Wave Energy Systems
While there is a wide range of wave energy designs being tested, the method for connecting these facilities to the electrical grid are largely the same.
Wave Energy System Types
Ocean wave energy technologies are still in the early development and demonstration phase. There are four predominant wave energy technologies: point absorbers, attenuators, terminators, and overtopping devices. These four technologies are classified according to their size and orientation.
Point absorbers have a small horizontal dimension compared with the vertical dimension. Attenuators are elongated floating structures whose length, which is about one wavelength or longer, is aligned in the direction of the wave propagation. Terminator devices are aligned perpendicular to the direction of wave propagation. Overtopping devices are reservoirs that are filled by incoming waves to levels above the average surrounding ocean.
A point absorber device consists of a buoy that is connected to components that move relative to each other due to the rising and falling of waves. This mechanical energy drives an electrical generator. The electrical energy is fed down a single umbilical cable to a junction on the seabed. Several devices can be connected together and linked to shore through a single underwater cable. The device can either float or be anchored to the sea floor. An individual point absorber device may produce up to 11 MW of electricity, although most current designs would produce much less.
Attenuators are long, multi-segment floating structures anchored so they are aligned perpendicular to the direction of wave travel. The segments flex at hinged joints as a wave passes along the device. The mechanical motion of the flexing is converted to electrical energy using hydraulic motors and generators. The electrical energy is fed down a single umbilical cable to a junction on the seabed. Several devices can be connected together and linked to shore through a single underwater transmission cable. The energy generating capacity of a single attenuator device can be up to 1 MW.
Terminators are oriented perpendicular to the direction of wave travel and are often located onshore or near shore. One example, shown to the right, is the oscillating water column. This system consists of a chamber, which is a fixed structure with its bottom open to the sea. The wave motion inside the chamber alternately compresses and decompresses the air that exists above the water level inside the chamber. As a result, an alternating stream of high-velocity air is generated. This airflow is driven through a duct to a turbine generator that is used to generate electricity.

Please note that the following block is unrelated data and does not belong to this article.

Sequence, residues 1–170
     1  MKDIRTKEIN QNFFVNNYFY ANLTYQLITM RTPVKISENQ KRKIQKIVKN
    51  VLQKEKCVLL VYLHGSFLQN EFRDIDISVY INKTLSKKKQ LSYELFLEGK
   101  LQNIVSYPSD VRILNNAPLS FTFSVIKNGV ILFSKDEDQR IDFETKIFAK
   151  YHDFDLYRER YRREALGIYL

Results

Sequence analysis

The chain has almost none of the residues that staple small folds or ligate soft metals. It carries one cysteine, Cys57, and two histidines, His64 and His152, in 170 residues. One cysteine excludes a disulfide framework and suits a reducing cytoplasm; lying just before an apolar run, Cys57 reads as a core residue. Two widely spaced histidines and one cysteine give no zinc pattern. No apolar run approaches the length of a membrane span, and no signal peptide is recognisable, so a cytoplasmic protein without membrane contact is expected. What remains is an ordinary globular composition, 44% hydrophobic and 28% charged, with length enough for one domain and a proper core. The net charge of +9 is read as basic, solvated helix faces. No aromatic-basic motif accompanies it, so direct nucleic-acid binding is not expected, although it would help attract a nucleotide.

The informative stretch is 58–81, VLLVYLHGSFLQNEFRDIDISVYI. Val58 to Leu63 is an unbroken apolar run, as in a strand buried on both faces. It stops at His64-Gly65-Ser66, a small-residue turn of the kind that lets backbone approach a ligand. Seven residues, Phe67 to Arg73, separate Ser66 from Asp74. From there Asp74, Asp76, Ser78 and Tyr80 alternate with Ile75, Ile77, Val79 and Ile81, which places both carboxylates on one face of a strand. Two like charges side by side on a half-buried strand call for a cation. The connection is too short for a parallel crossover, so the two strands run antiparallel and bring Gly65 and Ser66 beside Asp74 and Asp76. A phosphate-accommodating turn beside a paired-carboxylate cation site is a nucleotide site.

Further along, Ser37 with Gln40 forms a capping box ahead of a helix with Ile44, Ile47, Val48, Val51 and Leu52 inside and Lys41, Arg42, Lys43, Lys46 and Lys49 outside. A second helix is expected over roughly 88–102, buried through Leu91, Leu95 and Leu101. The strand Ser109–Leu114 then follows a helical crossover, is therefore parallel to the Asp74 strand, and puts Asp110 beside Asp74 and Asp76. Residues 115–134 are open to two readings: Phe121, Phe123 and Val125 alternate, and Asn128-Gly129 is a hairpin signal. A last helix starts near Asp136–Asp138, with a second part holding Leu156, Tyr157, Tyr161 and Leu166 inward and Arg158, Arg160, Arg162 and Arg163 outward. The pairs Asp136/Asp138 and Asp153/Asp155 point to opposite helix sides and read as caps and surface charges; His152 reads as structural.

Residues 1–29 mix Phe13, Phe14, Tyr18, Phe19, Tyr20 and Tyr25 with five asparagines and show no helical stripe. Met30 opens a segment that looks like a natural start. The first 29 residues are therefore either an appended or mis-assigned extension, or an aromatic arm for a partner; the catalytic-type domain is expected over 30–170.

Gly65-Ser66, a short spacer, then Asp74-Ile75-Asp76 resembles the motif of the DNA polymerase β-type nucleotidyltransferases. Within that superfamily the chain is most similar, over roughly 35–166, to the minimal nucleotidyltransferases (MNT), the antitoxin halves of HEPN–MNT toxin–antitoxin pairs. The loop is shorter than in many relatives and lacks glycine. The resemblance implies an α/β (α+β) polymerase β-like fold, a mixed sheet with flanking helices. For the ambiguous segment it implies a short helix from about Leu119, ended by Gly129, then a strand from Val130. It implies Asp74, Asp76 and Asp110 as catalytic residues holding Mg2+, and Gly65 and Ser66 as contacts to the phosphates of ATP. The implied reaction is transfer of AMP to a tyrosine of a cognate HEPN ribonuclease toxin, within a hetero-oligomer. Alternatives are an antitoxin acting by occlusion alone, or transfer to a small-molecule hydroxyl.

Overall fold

For an offshore device, the electrical energy is fed down a single umbilical cable to a junction on the seabed. Several devices can be connected together and linked to shore through a single underwater cable. The energy generating capacity of a single terminator device can be up to 1.5 MW.
Overtopping devices generally are anchored in open water and consist of reservoirs that are filled by wave action to levels above the surrounding sea level. The collected water is released from the reservoir to drive a turbine and generator to produce electrical energy in the same way a hydroelectric plant does. Overtopping devices have been designed and tested for both onshore and floating offshore. The Wave Dragon (shown on the right) is an example of an offshore overtopping device.
The electrical energy is fed down a single umbilical cable to a junction on the seabed and is then linked to shore through a single underwater transmission cable. The energy generating capacity of a single overtopping device can be up to 11 MW.
Wave Energy Facility Size
An individual wave energy device is capable of producing up to 11 MW, depending upon the design of the device. A utility-scale installation of most types of devices would include many wave energy devices, depending upon the intended use. Utility-scale wave energy facilities would generate a large amount of electricity that would be transmitted from a near-shore wave energy farm to many users through a transmission system, similar to that of any other commercial power plant.
A wave farm at Agucadoura, Portugal, consists of three attenuators manufactured by Pelamis Wave Power. It produces 2.25 MW, enough to power 2,000 homes. The wave farm will ultimately contain 30 such devices, which will occupy approximately 250 acres.
An individual overtopping device could occupy from 0.4 to 9 acres. Because there are no large systems in place, the ultimate size of these facilities is unknown. Estimates used in the OCS Alternative Energy and Alternate Use PEIS indicate that commercial-scale wave energy facilities likely would occupy less than 2 km2 (1.9 mi2).
Primary Wave Energy Facility Components
Wave Energy Devices
The major component of a wave farm is the device that captures the mechanical energy of the ocean waves. Each device is attached to the sea floor via various anchoring systems. Turbines or hydraulic motors and generators produce the electricity. Power cables from each device are connected to a seabed cable. Grid synchronization occurs via a variable speed drive and step-up transformer to a suitable voltage level.
Generated electricity is brought to shore via a standard submarine electrical cable, which is usually installed in a trench in the seafloor and under the beach at the shore. The cable runs to an interconnection substation that might be as small as 225 ft2 (25 m2). From that point, the electricity is transferred to consumers through the land-based transmission grid.
The submarine electrical cable would be connected to a local power distribution grid or a long-distance power transmission grid. The control and monitoring of devices and transformers would be carried out remotely using fiber-optic cables or other communication devices.